This blog explores health informatics—a collaborative activity connecting people, process, and technologies to produce trusted data for better decision-making.
By Barbara A. Ryznar, RPh, MSHI, RHIA, CHDA, CPHI, CPHIMS, CAPM
I ignore many of the routine alert messages embedded in the software applications I use regularly for my work, automatically clicking right on by. The purpose of these prompts is to guide the user through the application process and support processing decisions. Some alerts are for business tasks as we bill in real-time; some are sparked from triggers within the clinical decision support functions. A single transaction can elicit numerous messages intended to grab the user’s attention and produce an appropriate response. The term used to describe this desensitization to these messages is alert fatigue, and I admit that I have it. And in reality, some of these alerts should be tuned out as they are not significant and disrupt the user’s thought process. However, it is important that the critical ones be addressed and not become lost in the sea of messaging.
I have used a multitude of pharmacy software systems throughout my career. These merge business functions and clinical functions with prompts, messaging, and alerts that seem to occur at every step. A variety of messages are baked into the software design to ensure accurate data is captured, for billing compliance, and to promote clinical decision-making for patient safety. But there are many that are false alarms that break the user’s cognitive flow and slow the process with multiple or redundant questions that require a response to proceed. Those that are business-dominant serve to support quality data at the point of entry and compliance with billing requirements, which are both important to satisfy the functional requirements of the software. For the novice user, the benefit of this step-by-step guidance can be helpful; but for the experienced user, they are a bit of a nuisance more likely to be tuned out and clicked through to get to the next screen.
When electronic prescribing came into the picture, a new message appeared at the bottom of the screen to alert the user that new e-prescriptions were present with a message, “Do you want to process them now? (Y/N).” A response is needed before any activity can continue. This is my pet peeve with the system because it is as though it wants to change my workflow to address the new arrivals when I am attempting to complete the tasks that are of higher priority—namely, the waiting customers. I wish that I could turn this alert off; it’s a task that I will get to when I have time available, not necessarily in the immediate moment. In other words, the system should work WITH me and not try to dictate the direction of my main concerns. On the flip side, there are steps that could use a prompt to smooth workflow and to prevent the need for reprocessing.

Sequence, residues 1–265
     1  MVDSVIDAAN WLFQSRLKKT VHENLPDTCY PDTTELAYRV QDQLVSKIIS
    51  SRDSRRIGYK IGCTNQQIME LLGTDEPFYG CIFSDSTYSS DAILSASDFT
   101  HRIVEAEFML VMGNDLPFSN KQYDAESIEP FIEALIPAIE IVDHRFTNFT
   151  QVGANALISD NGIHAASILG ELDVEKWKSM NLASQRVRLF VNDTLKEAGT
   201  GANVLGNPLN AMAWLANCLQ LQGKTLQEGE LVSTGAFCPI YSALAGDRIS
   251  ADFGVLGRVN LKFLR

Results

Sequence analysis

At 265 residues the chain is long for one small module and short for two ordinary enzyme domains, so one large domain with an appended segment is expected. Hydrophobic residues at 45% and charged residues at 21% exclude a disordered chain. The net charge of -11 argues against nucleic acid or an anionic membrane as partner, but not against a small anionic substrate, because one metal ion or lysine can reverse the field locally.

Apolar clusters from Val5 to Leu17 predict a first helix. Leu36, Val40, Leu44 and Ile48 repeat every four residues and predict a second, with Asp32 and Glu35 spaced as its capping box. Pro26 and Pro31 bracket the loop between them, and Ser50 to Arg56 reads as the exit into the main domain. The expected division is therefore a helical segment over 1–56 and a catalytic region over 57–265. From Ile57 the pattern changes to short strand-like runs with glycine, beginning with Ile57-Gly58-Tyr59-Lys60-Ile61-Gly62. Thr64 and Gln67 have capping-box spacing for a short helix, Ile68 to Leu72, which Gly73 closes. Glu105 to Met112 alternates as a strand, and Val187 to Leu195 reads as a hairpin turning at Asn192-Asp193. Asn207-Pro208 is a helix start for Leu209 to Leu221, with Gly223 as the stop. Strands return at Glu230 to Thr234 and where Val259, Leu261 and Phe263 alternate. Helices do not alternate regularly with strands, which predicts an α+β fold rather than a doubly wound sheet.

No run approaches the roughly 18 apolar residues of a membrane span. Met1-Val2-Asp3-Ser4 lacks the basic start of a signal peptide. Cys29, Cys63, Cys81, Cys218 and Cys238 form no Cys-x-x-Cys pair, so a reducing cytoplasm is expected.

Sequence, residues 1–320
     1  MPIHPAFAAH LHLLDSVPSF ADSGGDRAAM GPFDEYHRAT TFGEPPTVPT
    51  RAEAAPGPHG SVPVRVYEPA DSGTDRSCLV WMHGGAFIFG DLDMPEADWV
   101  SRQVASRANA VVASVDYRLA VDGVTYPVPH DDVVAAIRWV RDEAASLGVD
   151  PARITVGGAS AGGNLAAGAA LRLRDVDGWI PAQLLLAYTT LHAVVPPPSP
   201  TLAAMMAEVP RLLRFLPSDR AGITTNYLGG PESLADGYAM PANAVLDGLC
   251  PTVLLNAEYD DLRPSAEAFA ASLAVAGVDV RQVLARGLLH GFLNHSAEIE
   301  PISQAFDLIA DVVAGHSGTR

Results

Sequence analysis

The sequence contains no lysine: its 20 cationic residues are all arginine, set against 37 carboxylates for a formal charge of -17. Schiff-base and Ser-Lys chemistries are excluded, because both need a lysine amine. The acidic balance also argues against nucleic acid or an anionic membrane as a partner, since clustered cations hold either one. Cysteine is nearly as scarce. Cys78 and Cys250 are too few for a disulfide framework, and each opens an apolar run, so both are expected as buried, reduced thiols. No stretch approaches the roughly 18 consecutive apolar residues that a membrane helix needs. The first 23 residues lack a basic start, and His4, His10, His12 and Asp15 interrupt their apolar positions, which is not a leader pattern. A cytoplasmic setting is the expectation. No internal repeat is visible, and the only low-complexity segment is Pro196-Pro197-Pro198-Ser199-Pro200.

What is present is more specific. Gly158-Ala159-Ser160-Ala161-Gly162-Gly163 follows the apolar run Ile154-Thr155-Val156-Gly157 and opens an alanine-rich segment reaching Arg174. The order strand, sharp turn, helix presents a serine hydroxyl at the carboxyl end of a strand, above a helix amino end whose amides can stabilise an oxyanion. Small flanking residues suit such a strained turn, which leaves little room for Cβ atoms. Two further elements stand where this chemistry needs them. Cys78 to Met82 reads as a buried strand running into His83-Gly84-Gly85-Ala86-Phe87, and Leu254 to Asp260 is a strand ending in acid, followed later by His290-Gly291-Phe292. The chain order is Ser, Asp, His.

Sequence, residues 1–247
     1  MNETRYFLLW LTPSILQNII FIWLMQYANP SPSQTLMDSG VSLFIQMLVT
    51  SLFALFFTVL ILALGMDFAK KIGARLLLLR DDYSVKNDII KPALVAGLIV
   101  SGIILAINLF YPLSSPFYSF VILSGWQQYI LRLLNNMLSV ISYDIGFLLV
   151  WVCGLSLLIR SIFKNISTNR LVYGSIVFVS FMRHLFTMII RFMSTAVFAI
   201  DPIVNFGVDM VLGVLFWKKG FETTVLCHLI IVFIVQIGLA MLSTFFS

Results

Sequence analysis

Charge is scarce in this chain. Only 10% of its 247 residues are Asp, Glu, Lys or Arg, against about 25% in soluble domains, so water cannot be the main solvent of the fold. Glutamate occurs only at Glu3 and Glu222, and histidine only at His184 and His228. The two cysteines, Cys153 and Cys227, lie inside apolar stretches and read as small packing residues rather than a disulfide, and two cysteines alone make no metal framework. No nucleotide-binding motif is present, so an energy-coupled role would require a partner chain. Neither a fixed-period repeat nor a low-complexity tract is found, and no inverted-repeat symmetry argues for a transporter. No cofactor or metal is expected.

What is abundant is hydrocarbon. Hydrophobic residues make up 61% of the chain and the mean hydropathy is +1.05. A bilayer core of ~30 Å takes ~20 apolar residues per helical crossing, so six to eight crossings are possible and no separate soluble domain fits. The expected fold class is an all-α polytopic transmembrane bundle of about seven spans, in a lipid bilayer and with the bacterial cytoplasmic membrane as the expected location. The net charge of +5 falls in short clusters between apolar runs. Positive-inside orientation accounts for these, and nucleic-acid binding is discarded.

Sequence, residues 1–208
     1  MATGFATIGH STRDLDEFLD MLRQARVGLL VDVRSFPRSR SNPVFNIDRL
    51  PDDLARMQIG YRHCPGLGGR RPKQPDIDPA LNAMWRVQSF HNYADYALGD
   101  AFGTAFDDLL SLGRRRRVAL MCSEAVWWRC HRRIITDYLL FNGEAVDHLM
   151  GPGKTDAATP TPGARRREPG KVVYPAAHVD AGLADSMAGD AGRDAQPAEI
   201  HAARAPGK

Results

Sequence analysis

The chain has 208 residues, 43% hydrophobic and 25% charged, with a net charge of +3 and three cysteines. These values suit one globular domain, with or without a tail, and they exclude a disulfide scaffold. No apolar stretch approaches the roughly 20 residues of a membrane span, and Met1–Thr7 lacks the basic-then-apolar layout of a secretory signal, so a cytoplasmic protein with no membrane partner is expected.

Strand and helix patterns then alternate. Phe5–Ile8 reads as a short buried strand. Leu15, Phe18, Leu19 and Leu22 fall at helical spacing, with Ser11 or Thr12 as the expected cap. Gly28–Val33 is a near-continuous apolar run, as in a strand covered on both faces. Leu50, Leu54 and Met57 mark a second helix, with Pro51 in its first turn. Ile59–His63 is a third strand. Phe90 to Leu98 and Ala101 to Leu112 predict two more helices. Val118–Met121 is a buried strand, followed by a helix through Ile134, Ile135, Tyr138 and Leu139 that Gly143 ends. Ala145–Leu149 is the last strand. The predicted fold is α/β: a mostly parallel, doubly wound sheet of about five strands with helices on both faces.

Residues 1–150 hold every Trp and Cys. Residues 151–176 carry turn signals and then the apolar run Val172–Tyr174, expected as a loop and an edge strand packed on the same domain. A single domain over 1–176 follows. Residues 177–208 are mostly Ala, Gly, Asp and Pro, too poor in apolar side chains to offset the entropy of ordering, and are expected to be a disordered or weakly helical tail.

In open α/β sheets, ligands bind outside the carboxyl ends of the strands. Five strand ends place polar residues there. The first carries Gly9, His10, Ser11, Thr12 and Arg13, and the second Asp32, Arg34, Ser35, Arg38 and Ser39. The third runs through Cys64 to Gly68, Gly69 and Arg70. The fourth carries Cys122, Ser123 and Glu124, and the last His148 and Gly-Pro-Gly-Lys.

When it comes to clinical decision support, there are also alerts that are both significant and insignificant. The system has a built-in safety feature that produces a “hard halt” that prevents further processing until the high alert flag has been addressed and resolved appropriately. I like this feature as it guarantees that the most important drug-drug interactions or allergies must be addressed. Other systems that I have worked with use color coding with “red alerts” being the most serious and mandatory for response. The value of this aspect of the software relies on the accuracy of the patient-specific data available. For example, if the patient’s allergy record is not up to date, the trigger is not present. This circles back to the importance of the accuracy at data entry and the importance of having current information resources in the clinical support system.
So, all the prompts, alerts, and messages are necessary to ensure that quality data is entered at the source to meet the purposes of use and reuse downstream. Some software applications are just better designed to deliver a user experience that promotes both accuracy and efficiency in the process. A major factor that has made one system I’ve had experience with so laborious to use is that it is “old” regarding technology and has been upgraded several times to meet new requirements. While this is good for business, each upgrade has brought new screen, prompts, and cognitive load. Applications with built-in alert features and quality of the clinical decision support functions can significantly affect productivity and the user experience. Informatics plays a vital role in designing a system that can prevent disruption of the user’s cognitive flow while still ensuring that data collected at the source of entry supports both speed and accuracy. Perhaps new systems in the near future will achieve a better balance.
Barbara A. Ryznar is a community pharmacist at a Medicine Shoppe Pharmacy and a part-time adjunct instructor in the MSHI program at University of Cincinnati.